When we see relationships fraying around us, how do we act? Are we quickly accused of choosing sides, even as we try to assuage feelings and not assigning blame? When love goes belly up among our friends, how do we cope? Moses looks to get to the heart of the matter – to find a way to penetrate past the mask of God, and yet, when he comes down the mountain to ultimately encounter and lead the people, his face is concealed. At Sinai, there are no winners. Everyone present is a witness to an intimate moment gone awry – destined to die in exile from each other, not able to press a passport freshly-stamped into the Promised Land.

How do we live with such ominous threat around us – how do we decide to love again, and be friends, or at least cordial, again? How do we get what we need, while still living in the different worlds that we inhabit? How can we live well in the exile, recognizing that we may love deeply, yet, at its root, it is an imperfect and flawed love? Our Torah is teaching us that there is much at stake, and we do well to cultivate patience and equanimity for those in our lives who are acting badly. We realize that the motivation and reassurance that we need comes from within, and that we cannot live our lives as another’s mirror. Ultimately, we must take the mask off from our own souls and see what is important within. As we catch our own radiance, we can learn to tolerate a restless people and a possessive God – we can learn to call for help, to gain other allies, and trust our instincts for what can be repaired, what must be prosecuted, and what must be left, to fade away.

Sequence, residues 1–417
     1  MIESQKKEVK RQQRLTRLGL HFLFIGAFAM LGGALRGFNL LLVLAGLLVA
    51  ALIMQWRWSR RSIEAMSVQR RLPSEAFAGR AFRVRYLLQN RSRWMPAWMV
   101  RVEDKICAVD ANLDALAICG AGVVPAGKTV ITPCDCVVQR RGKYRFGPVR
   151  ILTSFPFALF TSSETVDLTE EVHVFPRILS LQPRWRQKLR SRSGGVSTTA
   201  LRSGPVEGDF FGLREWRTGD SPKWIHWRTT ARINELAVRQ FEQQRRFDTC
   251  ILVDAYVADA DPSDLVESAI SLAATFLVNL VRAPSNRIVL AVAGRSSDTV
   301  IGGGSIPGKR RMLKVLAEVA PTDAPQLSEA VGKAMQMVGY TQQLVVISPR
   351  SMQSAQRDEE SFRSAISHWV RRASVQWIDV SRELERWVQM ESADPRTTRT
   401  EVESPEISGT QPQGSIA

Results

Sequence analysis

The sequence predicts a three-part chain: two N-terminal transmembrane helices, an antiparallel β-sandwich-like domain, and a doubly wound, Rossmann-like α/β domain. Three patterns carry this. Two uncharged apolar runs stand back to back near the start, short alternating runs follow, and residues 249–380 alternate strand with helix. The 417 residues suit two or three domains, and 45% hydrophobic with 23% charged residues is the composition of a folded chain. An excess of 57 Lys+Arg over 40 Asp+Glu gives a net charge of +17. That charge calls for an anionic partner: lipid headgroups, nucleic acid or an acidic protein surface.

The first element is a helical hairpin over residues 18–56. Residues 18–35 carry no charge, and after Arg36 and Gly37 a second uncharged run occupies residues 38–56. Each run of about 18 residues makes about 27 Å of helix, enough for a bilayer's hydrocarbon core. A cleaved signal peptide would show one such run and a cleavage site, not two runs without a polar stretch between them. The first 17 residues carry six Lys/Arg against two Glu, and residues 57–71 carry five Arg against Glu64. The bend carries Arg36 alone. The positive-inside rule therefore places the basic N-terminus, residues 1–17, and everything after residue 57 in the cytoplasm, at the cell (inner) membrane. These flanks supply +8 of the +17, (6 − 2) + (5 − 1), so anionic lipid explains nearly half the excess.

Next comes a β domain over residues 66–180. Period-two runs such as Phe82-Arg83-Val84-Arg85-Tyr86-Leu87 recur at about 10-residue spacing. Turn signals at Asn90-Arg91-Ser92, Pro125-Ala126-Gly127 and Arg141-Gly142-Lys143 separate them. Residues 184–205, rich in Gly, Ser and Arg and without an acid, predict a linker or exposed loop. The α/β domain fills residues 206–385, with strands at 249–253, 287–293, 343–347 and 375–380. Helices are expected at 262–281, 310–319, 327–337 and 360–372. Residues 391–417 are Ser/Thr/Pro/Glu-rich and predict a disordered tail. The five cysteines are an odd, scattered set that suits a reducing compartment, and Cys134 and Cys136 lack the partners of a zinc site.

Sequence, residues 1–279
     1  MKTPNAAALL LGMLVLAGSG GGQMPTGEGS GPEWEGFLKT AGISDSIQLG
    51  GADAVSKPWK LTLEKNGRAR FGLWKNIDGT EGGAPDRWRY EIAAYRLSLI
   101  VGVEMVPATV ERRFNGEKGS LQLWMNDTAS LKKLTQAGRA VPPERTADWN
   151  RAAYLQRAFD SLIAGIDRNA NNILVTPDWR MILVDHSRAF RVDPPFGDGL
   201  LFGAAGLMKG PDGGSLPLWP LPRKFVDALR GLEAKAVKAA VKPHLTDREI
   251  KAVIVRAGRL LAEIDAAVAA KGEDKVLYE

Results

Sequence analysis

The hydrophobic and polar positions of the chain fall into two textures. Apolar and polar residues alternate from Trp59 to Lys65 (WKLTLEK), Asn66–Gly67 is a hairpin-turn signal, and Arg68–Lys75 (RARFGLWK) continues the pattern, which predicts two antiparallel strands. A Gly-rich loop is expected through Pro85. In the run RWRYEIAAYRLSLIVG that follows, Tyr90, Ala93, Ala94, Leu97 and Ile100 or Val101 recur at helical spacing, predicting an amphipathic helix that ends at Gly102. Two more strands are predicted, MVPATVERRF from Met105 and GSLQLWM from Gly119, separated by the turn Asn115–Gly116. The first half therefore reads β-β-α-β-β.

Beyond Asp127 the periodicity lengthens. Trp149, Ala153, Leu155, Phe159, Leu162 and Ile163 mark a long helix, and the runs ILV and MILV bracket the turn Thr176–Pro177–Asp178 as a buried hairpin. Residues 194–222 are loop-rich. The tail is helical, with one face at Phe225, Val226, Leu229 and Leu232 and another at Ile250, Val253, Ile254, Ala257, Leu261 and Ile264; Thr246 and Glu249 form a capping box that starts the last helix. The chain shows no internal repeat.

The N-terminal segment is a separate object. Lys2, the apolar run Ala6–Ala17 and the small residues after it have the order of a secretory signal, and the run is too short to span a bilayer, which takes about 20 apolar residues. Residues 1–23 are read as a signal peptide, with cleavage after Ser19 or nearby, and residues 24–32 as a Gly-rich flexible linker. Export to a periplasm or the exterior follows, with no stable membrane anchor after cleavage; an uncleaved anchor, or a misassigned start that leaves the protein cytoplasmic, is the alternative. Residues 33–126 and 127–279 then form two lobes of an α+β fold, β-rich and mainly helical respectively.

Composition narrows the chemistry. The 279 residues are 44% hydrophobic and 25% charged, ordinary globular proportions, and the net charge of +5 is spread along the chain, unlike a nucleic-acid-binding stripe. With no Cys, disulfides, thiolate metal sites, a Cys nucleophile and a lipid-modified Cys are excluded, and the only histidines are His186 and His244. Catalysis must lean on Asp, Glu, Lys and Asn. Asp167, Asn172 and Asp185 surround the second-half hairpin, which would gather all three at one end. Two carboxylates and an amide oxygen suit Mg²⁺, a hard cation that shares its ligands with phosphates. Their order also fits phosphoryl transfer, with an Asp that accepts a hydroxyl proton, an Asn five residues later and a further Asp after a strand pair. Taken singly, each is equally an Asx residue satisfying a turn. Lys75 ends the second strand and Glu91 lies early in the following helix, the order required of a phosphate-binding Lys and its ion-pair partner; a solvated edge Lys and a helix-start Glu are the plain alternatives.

Leadbelly singing “Careless Love.”

Neil F. Blumofe is the Senior Rabbi of Congregation Agudas Achim in Austin, Texas, (650+ families). He holds Rabbinic Ordinations from both the Jewish Theological Seminary (JTS) in New York and the Academy for Jewish Religion in Los Angeles. Neil is active in the greater Austin music community, where he is known for his accomplishments, creations and instruction in the jazz genre.